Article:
The songs that make expat Australians homesick
MUSIC brings with it different feelings and different memories.
When you’re living in the UK, particular songs will strike a chord with you regarding the Mother Country (Australia). You might have always loved them or living over here has given them greater significance. Either way, they have one thing in common: they remind us of the big island we all came from.
It’s hard to explain to English people why you love singing about the last plane (no, it’s not a ‘train’ – ed) out of Sydney or why one song encourages everyone to yell ‘No way, get f*cked, f*ck off!’ even at the most formal events.
It’s because they’re songs which have a special place in the hearts of Australians and you might not realise until you’re far away how much Australian music was and continues to be an important part of your life.
What songs, every time you hear them, put the tingle of eucalyptus up your nostrils and cast your mind away to a sentimental, far-away Aussie mindscape? What tunes take you home again?
Vote now for your favourite Australian homesick song, at the bottom of this page
In the spirit of Australia Day, we asked our readers via Facebook to name the songs that make an expat Aussie homesick. We debated a few ourselves, over several beers. Now we’ve boiled them down to the Top Ten (or should that be ‘Hottest 10’?).
And that’s right – when we asked our readers, Khe Sanh by Cold Chisel did not even come up! Amazing song, for sure; just been over-played and hit for six into cliché-ville perhaps?
So, now it’s your job to choose the #1. Indulge those nostalgic affections and patriotic passions by viewing the videos below and then cast your vote at the bottom.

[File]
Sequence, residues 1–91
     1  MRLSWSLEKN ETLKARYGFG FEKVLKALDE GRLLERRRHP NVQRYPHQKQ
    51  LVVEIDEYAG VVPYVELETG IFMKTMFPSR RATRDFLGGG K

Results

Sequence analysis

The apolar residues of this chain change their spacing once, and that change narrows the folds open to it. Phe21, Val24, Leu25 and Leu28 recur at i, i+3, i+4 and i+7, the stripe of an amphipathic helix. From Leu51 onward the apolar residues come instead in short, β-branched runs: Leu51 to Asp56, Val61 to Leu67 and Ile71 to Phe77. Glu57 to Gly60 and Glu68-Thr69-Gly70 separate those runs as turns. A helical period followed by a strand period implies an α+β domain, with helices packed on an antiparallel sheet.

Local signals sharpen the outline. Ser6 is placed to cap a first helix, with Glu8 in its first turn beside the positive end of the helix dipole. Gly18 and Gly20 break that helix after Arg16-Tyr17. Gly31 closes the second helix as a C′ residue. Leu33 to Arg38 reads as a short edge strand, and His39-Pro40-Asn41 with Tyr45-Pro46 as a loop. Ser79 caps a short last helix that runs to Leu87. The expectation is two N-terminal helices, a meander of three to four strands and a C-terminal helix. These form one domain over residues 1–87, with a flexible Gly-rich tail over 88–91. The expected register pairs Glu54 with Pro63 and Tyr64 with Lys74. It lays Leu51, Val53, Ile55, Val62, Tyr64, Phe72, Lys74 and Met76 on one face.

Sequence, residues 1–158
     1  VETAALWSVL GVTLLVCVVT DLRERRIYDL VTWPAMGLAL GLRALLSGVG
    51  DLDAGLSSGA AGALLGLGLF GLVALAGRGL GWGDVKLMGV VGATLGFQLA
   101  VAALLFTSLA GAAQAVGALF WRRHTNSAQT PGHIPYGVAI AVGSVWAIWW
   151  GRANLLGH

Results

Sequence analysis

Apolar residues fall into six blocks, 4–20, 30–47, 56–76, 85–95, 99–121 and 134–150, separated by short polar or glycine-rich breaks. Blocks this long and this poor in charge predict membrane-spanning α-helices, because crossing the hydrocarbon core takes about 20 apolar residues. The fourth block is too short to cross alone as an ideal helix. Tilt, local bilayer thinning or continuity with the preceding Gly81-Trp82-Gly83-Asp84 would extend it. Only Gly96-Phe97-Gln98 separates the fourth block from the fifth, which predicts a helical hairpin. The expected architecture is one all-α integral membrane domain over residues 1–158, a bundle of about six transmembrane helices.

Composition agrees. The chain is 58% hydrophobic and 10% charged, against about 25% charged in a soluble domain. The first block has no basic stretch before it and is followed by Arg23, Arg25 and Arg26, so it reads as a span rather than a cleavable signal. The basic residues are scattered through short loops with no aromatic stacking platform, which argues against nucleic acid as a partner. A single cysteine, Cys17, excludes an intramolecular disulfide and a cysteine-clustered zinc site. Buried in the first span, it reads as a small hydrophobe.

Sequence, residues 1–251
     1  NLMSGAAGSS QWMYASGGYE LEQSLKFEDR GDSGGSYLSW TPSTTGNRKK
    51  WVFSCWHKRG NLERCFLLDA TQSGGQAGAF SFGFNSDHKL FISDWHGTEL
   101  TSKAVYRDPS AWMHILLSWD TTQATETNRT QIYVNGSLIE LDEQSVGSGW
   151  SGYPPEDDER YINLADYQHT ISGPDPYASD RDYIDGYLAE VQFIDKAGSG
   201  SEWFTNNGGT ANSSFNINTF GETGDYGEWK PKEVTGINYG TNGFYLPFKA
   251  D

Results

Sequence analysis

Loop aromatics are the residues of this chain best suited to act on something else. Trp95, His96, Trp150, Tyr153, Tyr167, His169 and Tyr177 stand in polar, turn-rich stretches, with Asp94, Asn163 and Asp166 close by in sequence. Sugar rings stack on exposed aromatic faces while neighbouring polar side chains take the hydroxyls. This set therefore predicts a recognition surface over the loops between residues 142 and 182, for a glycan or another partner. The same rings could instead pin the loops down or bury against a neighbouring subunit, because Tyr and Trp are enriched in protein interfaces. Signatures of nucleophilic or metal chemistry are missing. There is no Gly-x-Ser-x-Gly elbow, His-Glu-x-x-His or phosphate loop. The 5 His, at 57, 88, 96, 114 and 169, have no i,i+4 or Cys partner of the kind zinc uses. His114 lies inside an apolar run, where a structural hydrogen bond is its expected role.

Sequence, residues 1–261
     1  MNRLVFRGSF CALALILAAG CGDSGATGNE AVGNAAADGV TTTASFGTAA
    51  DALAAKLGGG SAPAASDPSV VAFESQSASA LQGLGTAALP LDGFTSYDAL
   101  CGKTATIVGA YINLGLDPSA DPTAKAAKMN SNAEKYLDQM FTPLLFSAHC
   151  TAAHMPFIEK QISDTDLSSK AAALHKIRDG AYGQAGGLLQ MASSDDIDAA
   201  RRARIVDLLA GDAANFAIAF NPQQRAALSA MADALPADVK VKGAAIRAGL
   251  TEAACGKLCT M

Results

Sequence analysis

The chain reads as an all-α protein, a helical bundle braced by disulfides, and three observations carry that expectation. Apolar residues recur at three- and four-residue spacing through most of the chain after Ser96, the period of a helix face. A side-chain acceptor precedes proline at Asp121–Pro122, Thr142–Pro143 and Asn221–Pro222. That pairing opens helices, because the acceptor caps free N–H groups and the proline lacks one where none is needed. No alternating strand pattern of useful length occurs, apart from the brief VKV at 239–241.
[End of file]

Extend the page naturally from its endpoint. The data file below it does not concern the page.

London Still, The Waifs — Perfect for a bout of homesickness, this song speaks of time spent in London missing the people and places you love back home. Any Aussie expat in the English capital will identify with the emotion of enjoying the London life but at the same time struggling with the upheaval of being over here on the other side of the world.
How To Make Gravy, Paul Kelly — This classic Paul Kelly tune gets high rotation at any Aussie orphans Christmas lunch in the UK. The letter from a prisoner in jail to his loved ones switches between the sadness of not being there and funny family antics which happen at Christmas time. He also outlines his special recipe for gravy, his usual contribution on the day. We also love the suburban panoramic view in the vid.
Sounds of Then, Gangajang – Is this the song that elevated the twanging slide of a guitar to the noise of choice for evoking Aussie dust and humidity? This is Australia, alright. “To lie in sweat, on familiar sheets. In brick veneer on financed beds. In a room, of silent Hardiflex”. And haven’t we all? As an Australian vision in sound, this classic from the Gang is hard to beat.
I Was Only 19, The Herd — Aussie hip-hoppers The Herd reworked Redgum’s musical story of Australian men sent to fight in the Vietnam War. Told in the view of a young man conscripted into the army and sent to the jungles of South East Asia, it’s a harrowing, graphic tale of his experience and the long term psychological effects suffered. The Herd were able to capture the brutal reality of a previous generation and helped a lot of us understand the sacrifices made by the teenagers sent to fight in a foreign war. And when you’re an Aussie gallivanting around the world yourself, it’s all the more sobering.